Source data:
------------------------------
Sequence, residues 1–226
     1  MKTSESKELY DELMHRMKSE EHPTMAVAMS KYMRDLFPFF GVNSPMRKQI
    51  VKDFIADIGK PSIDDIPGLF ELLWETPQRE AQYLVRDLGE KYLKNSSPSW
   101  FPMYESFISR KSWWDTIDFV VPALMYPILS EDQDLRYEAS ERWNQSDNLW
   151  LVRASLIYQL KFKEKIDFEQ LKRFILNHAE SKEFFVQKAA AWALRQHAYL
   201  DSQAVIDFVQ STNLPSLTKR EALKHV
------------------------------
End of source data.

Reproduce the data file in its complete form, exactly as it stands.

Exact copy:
Sequence, residues 1–226
     1  MKTSESKELY DELMHRMKSE EHPTMAVAMS KYMRDLFPFF GVNSPMRKQI
    51  VKDFIADIGK PSIDDIPGLF ELLWETPQRE AQYLVRDLGE KYLKNSSPSW
   101  FPMYESFISR KSWWDTIDFV VPALMYPILS EDQDLRYEAS ERWNQSDNLW
   151  LVRASLIYQL KFKEKIDFEQ LKRFILNHAE SKEFFVQKAA AWALRQHAYL
   201  DSQAVIDFVQ STNLPSLTKR EALKHV